My Sunstone Experience

Sunstone is over for another year. I finally have access to a computer, so I thought I’d jot some notes on my experience there this year.

Wednesday night I blew off the opening lecture to stay in with my son’s friends and play Settlers of Catan. I had never played before. Damn, that is one complicated game! It was fun, but I was a newbie and so winning just wasn’t in the cards for me.

Thursday, Tania Rands Lyon did a terrific session on “What if Toyota Ran the Church?” She compared and contrasted Toyota management philosophy with what we do in the Church. I really enjoyed this session. I believe she’s expanding this material for some sort of publication.

My next session was Trevor Luke on prophetic performance (touching on issues of magic). I went to this one mainly because he was a classics professor from Florida who had gone to BYU and then the University of Pennsylvania. With that background I figured he had to have been influenced by John Hall, who also went to Pennsylvania and specialized in Roman history, and I talked to him after and confirmed my hunch was right. Towards the end he made an offhand reference to Dan Vogel being an atheist, and Tom Kimball challenged him on it. David Knowlton, the commenter, suggested that Trevor wasn’t using the word to refer to a specific religious preference, but to a naturalistic stance in writing. I once asked Dan whether he was an atheist, and to be honest I can’t remember for sure what he said, but I think he considered himself some stripe of agnostic, not an atheist (which surprised me at the time).

Next was the ZDer panel on possibilities in Mormon feminism. (I’m absolutely in love with the ZDs, including cool brother Ziff whom I met for the first time. They are the quirkiest, funniest and funnest family I’ve ever encountered.) Seraphine, Kiskilili and Lynette each gave heavy, theologically oriented presentations, and then Ziff did a powerpoint with lots of graphs analyzing GA statements about their wives from GC. Most of the questions were directed to Ziff. I told him this reminded me of an old Sunstone comic. The first panel shows a session at the Sunstone Symposium, where a tweed jacket wearing-man is giving a presentation on a unified field theory of all knowledge. There are like three people in attendance. The next panel shows a different session on The Incomes of the General Authorities, with lots of graphs, and the room is packed to the rafters.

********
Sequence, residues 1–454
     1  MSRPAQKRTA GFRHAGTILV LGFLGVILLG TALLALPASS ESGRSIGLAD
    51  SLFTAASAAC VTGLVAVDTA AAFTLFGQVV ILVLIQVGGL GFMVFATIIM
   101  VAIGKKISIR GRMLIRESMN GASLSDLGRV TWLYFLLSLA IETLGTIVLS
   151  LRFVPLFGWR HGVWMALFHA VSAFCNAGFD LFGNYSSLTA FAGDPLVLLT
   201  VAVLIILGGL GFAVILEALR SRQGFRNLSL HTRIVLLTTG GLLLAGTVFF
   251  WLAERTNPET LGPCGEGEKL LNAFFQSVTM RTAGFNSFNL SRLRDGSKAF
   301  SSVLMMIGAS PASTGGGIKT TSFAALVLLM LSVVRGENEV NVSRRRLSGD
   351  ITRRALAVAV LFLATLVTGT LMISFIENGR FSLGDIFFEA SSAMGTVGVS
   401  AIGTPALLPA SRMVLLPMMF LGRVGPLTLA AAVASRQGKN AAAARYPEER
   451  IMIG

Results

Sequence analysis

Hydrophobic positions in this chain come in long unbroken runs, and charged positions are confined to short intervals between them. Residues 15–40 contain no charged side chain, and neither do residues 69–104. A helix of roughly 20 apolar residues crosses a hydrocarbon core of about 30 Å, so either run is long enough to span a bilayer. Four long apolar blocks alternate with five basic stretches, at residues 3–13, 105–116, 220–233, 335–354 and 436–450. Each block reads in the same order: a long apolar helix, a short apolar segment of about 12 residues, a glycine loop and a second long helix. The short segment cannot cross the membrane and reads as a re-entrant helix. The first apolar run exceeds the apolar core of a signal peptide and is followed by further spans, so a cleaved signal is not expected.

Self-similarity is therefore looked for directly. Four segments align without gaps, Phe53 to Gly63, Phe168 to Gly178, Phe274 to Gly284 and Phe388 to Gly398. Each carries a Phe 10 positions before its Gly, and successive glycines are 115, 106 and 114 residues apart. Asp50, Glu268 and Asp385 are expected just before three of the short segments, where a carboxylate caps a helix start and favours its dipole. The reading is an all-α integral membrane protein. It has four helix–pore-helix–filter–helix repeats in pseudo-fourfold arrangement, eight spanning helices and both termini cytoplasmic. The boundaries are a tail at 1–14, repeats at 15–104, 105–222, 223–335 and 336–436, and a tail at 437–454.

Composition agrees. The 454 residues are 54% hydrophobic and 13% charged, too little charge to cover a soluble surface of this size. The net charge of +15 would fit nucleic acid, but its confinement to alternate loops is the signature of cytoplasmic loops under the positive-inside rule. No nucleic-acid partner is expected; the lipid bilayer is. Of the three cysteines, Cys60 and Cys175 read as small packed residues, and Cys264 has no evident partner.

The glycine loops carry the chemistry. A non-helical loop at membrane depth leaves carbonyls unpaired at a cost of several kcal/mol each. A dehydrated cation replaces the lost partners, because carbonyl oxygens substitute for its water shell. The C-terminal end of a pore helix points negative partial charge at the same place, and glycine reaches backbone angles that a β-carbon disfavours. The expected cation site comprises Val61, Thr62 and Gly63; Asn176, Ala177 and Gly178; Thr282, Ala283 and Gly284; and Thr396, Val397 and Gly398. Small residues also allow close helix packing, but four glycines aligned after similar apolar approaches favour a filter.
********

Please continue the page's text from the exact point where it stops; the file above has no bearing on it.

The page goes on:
Speaking of the ZDs, after their session they invited me to go to lunch with them. Kaimi was going to have a picnic at Pioneer Park. They wanted to go to a grocery store first to pick up some food. While we are wandering around the store one of them tells me a story of last year at Sunstone when they took a friend out to lunch but they got lost and never did find the place they were supposed to go, so their friend had to go without lunch. Well, it was deja vu all over again. They spent so much time roaming around the grocery store, by the time we got out our hour and a half lunch break was almost over, so I took back a new friend to the symposium while they blew off the next session to meet up with Kaimi. So my new friend Courtney and I wolfed down our lunches just moments before the next session started. This became a running joke between me and Lynette the rest of the conference, as I swore I would never go to lunch with her again!

But I’m glad I rushed back, as my friend Blair Hodges gave an absolutely terrific presentation on C.S. Lewis and the Mormons. This was one of my favorite sessions.

The next session was given by my uncle, Jack Worlton, on study aids for Bible lovers, with me as respondent. He did a great job (it was his first powerpoint ever), and I just had a few comments in response and then we sort of tag-teamed the questions. I thought the session turned out very well.

Next was the FMH mommy blogging session (see Kaimi’s notes for details).

The plenary session was excellent. Highlights: Jana Riess gave a terrific talk on why she isn’t too bothered by women not having the priesthood. Darius Gray talked about what it was like to be a black Saint pre-1978. Particularly touching was material from David O. McKay’s journal, which he only learned of recently, that shows that when he married a white woman the policy decision to allow the marriage, which the 1P did, was a subject of substantial discussion. Imagine your upcoming marriage making it to the agenda of a 1P discussion! D. Michael Quinn made some very reasonable suggestions for ways the Church could improve its policies WRT gays without contravening any fundamental doctrine.